blistered edamame

blistered edamame

garlicky, salty, spicy bites of edamame — be warned they’re seriously addictive!

You know when you go to a restaurant and have a dish that is so yummy and addictive that you automatically start thinking how you can recreate it at home?  It happens to me frequently.  It happened again a few weeks ago.

The dish that captivated me was actually an updated version of one of my favorite snacks – steamed edamame.  I love edamame — with those little flakes of sea salt on top to give it flavor with a little crunch!  And it’s fun to pop the beans out of the shell between my thumb and forefinger (It’s kind of like popping bubble wrap – except there’s a reward at the end.)  Plus – it’s as simple as boiling water.  My kind of snack.  

Back to my revelatory experience — I was having lunch with my parents at KaPow! — a local Asian-style gastro pub.  Scott and I have eaten here several times and it never disappoints.  (I’m partial to their steamed buns and Bulgogi street tacos.)  My Mom ordered some edamame as a starter.   Before the server even put the dish on our table, we were hit with a fragrant burst of garlic, soy and sesame!  Wow!  Of course we devoured the whole bowl, and when the waiter came back, we began to quiz him on the ingredients and preparation, which I am happy to share with you now!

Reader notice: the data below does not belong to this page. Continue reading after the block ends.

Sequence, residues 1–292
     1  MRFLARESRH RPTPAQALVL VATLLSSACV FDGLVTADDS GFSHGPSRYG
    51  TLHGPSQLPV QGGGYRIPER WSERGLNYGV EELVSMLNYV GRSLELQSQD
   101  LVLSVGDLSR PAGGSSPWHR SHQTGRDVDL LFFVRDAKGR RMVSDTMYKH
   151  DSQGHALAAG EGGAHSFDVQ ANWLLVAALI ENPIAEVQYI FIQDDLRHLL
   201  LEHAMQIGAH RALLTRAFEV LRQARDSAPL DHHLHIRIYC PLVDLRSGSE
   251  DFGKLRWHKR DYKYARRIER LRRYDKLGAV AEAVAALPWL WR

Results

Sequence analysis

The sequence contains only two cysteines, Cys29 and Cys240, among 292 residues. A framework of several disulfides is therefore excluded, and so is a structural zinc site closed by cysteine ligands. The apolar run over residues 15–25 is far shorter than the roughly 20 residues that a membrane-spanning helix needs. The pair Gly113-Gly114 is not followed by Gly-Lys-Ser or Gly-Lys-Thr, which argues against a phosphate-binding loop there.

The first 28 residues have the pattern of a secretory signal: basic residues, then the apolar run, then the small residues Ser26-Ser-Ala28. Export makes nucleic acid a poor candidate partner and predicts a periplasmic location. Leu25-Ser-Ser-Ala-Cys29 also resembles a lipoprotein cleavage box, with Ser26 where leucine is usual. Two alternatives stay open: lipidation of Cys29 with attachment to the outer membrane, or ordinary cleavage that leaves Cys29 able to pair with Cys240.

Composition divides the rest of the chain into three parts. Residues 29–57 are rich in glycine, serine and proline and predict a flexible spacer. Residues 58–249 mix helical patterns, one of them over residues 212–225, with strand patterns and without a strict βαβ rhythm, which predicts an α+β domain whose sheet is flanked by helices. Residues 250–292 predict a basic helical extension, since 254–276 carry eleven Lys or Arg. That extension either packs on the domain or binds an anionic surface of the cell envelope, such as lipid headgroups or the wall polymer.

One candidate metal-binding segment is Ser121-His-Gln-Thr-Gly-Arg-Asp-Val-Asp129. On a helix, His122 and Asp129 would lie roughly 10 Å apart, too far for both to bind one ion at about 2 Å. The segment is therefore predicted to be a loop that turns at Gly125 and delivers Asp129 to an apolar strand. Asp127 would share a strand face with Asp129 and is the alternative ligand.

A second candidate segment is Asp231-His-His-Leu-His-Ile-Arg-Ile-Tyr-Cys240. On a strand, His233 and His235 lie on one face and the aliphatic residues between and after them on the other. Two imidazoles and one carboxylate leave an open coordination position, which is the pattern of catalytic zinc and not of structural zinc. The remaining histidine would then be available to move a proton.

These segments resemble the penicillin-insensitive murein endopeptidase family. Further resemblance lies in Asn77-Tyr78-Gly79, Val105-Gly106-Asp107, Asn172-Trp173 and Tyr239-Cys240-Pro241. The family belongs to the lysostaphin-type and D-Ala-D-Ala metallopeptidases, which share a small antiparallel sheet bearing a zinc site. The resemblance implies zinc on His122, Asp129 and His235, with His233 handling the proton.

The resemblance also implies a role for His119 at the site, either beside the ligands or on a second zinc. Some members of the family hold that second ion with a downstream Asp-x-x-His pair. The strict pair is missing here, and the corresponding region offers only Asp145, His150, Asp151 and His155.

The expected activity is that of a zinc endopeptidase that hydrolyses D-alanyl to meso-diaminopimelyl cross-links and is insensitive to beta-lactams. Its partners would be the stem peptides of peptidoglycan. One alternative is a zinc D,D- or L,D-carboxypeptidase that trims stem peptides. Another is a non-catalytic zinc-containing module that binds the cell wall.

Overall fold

I admit to taking a few liberties in this dish because I can’t help myself.  I’ve added ginger and red pepper flakes, which you can certainly omit if you don’t share my obsession for a lasting tingle on your tongue.   


blistered edamame
Serves 3
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Prep Time
10 min
Total Time
15 min
Prep Time
10 min
Total Time
15 min
  1. one package frozen edamame in pods
  2. 2 tablespoons toasted sesame oil
  3. 2 tablespoons tamari or soy sauce
  4. 3 cloves of garlic, minced
  5. 1-inch knob of fresh ginger, peeled and grated
  6. 1/8 teaspoon red pepper flakes
  1. Before starting this recipe, have everything prepped. It comes together in a flash!
  2. In a small bowl combine tamari, garlic, ginger and red pepper flakes.
  3. Turn on your stove's exhaust fan.
  4. Place a large skillet over high heat - and let the pan get very hot.
  5. Add sesame oil to the pan.
  6. Carefully add the edamame (it can splatter) and don't stir -- allow it to sear and blister about 1-2 minutes.
  7. Add tamari mixture and toss to combine and continue to cook until sauce coats the edamame - no more than 2-3 minutes.
  8. Serve
Garlic + Zest

4 thoughts on “blistered edamame

  1. Marit Grimstad

    why not call a spade a spade`Edamame is just japanese for soy bean. So in english it should be blistered soy beans

    1. Lisa Post author

      Sure. The package I bought from Whole Foods labeled them as edamame – so that’s what I called them. Also, at the restaurant the dish was called wok-charred edamame. In any case, my daughter can’t stop eating them. Enjoy!

  2. Pingback: Make It Pop With Blistered Edamame | Recipe –

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